Tuesday, October 28, 2008

Assessing Library Instruction - CE from MAC conference Morgantown WV

Last week Hannah Winkler and I attended the 2008 Mid-Atlantic Chapter of the Medical Library Association meeting in Morgantown WV. My geeky but laudable goals for the meeting were to present our poster on chat services, to attend a promising CE course, to catch up on trends and projects in health/medical librarianship, and to seek out hotel amenities, local landmarks and restaurants. Missions accomplished :)

The CE was the first event of the conference for me and it'll be the subject of this post.

ASSESSMENT OF INFORMATION LITERACY: IMPLEMENTATION STRATEGIES, Jennifer Nutefall and and Deborah Gaspar, George Washington University

During the introduction, the instructors emphasized the importance of deciding what to assess (student learning vs. instruction technique) and advised that it's best to measure one OR the other (not both) in a one-shot library instruction session. Jennifer and Deborah demonstrated techniques for both types of assessment plus they covered programmatic assessment. Once or twice the discussion was dominated by librarians concerned about the challenges of library instruction or the challenges of librarianship at their particular institutions. Otherwise this was a very useful course, with several take-away ideas for assessing one-shot library instruction and applying that assessment.

Advice/reminders of most immediate use to me:

  • Learning outcomes - Be sure to clearly define learning outcomes for each lesson with active, Bloom's taxonomy type language. This gives the instructor something to assess.
  • Observation assessment – During library instruction, note student reactions, behavior, and questions. I like this technique b/c it taps into a tried and true part of my usual instruction approach.
  • Muddiest point – After exercise, preceding break or at end of session, ask students to write “what is unclear/what do you want to know more about?” I've tried this before but not in mid-stream during a session.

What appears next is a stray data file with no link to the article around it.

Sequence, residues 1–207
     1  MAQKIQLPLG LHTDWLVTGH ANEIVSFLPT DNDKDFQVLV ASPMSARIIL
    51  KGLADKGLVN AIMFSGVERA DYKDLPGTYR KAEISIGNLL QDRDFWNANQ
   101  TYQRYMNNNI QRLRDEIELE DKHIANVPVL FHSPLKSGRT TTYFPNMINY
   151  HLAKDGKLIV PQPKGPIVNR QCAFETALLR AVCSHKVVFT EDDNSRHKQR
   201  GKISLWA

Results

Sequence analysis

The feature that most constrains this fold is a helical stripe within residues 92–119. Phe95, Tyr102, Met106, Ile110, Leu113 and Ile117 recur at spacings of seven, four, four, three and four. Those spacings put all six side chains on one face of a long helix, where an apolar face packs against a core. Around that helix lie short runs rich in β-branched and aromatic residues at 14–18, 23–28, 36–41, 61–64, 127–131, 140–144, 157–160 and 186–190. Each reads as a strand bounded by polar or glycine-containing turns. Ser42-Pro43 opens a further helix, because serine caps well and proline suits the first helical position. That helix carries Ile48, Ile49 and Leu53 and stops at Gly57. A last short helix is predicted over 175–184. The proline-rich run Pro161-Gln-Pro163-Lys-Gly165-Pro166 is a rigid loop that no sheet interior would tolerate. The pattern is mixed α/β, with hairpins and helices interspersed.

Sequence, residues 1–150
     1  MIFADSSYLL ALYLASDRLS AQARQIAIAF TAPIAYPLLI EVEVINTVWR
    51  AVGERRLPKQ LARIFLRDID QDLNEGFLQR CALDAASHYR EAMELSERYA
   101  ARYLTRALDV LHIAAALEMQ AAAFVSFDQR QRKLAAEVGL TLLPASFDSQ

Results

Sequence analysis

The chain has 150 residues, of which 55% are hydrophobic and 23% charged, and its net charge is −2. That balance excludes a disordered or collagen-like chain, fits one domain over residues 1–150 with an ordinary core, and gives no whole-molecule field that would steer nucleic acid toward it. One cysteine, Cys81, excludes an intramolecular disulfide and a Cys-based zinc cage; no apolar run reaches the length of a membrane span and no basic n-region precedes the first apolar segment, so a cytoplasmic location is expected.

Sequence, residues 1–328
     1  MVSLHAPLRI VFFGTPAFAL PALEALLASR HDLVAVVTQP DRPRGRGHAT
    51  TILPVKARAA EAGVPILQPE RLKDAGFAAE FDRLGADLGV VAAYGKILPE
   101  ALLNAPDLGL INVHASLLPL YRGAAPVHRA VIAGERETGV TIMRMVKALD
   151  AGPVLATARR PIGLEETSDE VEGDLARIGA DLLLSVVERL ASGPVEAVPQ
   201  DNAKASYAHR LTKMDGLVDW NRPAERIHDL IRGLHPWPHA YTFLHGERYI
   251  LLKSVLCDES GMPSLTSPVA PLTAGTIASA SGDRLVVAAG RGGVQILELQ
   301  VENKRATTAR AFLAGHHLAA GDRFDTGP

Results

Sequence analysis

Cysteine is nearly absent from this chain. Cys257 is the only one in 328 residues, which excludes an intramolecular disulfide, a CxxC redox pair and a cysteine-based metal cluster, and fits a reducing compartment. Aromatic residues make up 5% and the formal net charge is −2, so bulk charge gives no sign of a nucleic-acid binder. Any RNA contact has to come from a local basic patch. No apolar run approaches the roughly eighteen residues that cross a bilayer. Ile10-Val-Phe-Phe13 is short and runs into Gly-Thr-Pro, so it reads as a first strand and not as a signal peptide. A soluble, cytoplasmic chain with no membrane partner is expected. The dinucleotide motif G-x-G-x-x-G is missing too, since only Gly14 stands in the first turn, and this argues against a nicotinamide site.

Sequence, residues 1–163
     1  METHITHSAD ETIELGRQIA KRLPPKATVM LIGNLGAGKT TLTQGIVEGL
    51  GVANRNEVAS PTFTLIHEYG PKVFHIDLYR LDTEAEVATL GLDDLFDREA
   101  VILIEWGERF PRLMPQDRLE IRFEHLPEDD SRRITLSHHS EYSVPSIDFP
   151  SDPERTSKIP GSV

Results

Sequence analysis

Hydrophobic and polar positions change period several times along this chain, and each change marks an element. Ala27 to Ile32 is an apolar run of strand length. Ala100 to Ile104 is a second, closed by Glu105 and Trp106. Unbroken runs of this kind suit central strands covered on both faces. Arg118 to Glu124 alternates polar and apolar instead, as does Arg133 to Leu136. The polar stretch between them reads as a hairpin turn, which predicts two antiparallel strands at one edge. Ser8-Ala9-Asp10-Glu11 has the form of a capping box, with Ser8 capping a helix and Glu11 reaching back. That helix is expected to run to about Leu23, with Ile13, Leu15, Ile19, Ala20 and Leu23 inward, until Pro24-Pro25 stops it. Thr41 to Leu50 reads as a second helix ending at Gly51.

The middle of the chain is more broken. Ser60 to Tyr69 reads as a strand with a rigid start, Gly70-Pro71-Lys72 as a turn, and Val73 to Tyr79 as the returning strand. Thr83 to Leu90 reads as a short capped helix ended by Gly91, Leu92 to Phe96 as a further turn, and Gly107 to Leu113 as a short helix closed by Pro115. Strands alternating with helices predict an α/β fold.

Read/study assessment techniques - This book was described as a good place to start - Angelo, T. (1993). Classroom Assessment Techniques. San Francisco: Jossey-Bass.
  • Several of these techniques are described in Avril Cunningham's article Using “Ready-to-Go”Assessment Tools to Create a Year Long Assessment Portfolio and Improve Instruction, College & Undergraduate Libraries, Vol. 13(2) 2006.
Compelling possibilities:

  • Instruction librarian peer assessment - The GWU librarians have a nice framework. Their approach seems likely to promote useful feedback while preserving working relationships.
  • Start a pedagogy review group - Like a journal club, each librarian reads an article about a teaching strategy and discusses how it could be applied
  • Research Readiness Self-Assessment (RRSA) - Assessment tool mentioned by a participant
  • Audience response systems/clickers - Several participants gave kudos to this fun, on the fly approach to assessing instruction
  • Create an assessment portfolio - At GWU the instruction coordinator created a binder with tabs for various types of assessment then encourages instruction librarians to submit examples and results of their LI assessments
  • Apply assessment to university mission - What kinds of assessment are being conducted? How can this work be used to "paint a picture" of library contributions towards the university mission?
Also mentioned during the conference - online CE courses free to SE/A member libraries (that includes us!!). Next session is All About MeSH, Weds 11/19 noon-1.

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